Chakotay sighed dramatically and pulled a face at her. "You're no fun."

"I mean it Chakotay", she warned, "don't you dare throw me a surprise birthday party. I don't want the whole crew in on some scheme to make me feel better about aging gracefully. Something", she added, "that I shouldn't be worried about in the first place in this enlightened age."

"Alright", he agreed. "No crew party. But I won't promise to do nothing."

"Thankyou", she said. "I should apologize to Harry straight away, rather than let him stew. Can you call him in for me on your way out?"

"That's not a very subtle way of kicking me out", he remarked, putting down his cup.

"I'm not kicking you out".

"So you want me to stay?"

"No", she said, letting a small smile slip. "But I'd like you to go anyway."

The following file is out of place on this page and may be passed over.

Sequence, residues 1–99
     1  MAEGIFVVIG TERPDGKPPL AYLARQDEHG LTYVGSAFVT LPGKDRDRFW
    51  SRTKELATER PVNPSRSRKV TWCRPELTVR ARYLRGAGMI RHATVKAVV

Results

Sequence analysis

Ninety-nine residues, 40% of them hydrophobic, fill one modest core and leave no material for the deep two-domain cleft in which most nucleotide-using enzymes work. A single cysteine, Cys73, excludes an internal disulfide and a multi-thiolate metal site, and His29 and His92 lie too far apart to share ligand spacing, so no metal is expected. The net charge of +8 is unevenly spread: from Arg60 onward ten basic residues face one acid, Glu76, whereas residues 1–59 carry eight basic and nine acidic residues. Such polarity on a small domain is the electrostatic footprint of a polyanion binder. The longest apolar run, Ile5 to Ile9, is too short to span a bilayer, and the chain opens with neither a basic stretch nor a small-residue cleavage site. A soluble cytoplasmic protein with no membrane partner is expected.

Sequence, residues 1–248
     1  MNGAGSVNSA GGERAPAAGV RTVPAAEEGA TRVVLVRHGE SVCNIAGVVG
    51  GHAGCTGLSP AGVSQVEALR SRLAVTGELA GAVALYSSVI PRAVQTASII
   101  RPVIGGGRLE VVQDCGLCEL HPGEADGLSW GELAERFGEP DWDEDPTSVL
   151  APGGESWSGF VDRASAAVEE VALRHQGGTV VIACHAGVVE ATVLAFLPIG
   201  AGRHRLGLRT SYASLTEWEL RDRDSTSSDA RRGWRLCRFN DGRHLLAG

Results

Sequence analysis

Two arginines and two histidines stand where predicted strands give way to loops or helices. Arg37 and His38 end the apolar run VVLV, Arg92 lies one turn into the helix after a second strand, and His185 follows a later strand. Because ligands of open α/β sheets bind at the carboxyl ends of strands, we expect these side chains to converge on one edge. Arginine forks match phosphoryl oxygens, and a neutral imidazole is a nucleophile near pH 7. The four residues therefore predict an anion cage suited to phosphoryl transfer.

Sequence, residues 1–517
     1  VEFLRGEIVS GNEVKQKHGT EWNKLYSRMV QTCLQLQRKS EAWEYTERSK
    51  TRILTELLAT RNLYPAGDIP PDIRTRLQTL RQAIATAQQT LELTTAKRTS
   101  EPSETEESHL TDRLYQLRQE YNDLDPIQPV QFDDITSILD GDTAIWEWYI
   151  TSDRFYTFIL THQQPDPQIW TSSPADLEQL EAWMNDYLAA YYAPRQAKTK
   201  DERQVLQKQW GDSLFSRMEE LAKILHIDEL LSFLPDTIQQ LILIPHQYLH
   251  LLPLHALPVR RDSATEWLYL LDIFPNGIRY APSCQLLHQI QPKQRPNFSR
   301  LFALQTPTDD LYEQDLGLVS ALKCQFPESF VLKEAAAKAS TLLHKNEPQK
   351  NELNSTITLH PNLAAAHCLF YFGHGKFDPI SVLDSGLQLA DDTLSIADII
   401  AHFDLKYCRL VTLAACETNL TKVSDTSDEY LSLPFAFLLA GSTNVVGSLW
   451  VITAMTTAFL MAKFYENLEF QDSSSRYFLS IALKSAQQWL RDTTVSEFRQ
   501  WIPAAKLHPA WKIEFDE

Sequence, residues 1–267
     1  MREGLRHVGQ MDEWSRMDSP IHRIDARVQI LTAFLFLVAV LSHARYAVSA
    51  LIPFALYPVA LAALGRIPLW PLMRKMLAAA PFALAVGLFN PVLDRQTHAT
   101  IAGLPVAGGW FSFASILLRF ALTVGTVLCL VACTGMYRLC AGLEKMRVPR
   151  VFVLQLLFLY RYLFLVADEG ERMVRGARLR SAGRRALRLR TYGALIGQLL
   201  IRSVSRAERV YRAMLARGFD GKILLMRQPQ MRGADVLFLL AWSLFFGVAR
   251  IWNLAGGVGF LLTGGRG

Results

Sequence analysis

"If you're trying to avoid a little speech from me on the virtues of aging. Wisdom and all that", Chakotay said with a grin as he made his way to the door, "you should know I'll still have plenty of opportunities to corner you later on."

She made a face, then shook her head fondly as he departed. She didn't doubt that the crew would be happy to spend an evening celebrating with their captain. What was her problem? Could she still not, after all this time, let go of some of the distance between her and the crew? What was she so afraid of?

Letting go, a voice said softly from somewhere within her mind. I'm afraid of letting go.